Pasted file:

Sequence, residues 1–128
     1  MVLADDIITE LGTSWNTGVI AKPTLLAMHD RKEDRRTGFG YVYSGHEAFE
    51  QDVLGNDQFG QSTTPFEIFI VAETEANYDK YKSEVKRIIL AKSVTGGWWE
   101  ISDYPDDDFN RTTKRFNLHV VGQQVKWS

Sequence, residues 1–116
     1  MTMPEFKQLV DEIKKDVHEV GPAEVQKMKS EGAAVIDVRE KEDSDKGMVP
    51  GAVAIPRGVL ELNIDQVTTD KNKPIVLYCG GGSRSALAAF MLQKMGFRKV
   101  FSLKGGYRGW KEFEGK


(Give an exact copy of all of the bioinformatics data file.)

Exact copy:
Sequence, residues 1–128
     1  MVLADDIITE LGTSWNTGVI AKPTLLAMHD RKEDRRTGFG YVYSGHEAFE
    51  QDVLGNDQFG QSTTPFEIFI VAETEANYDK YKSEVKRIIL AKSVTGGWWE
   101  ISDYPDDDFN RTTKRFNLHV VGQQVKWS

Sequence, residues 1–116
     1  MTMPEFKQLV DEIKKDVHEV GPAEVQKMKS EGAAVIDVRE KEDSDKGMVP
    51  GAVAIPRGVL ELNIDQVTTD KNKPIVLYCG GGSRSALAAF MLQKMGFRKV
   101  FSLKGGYRGW KEFEGK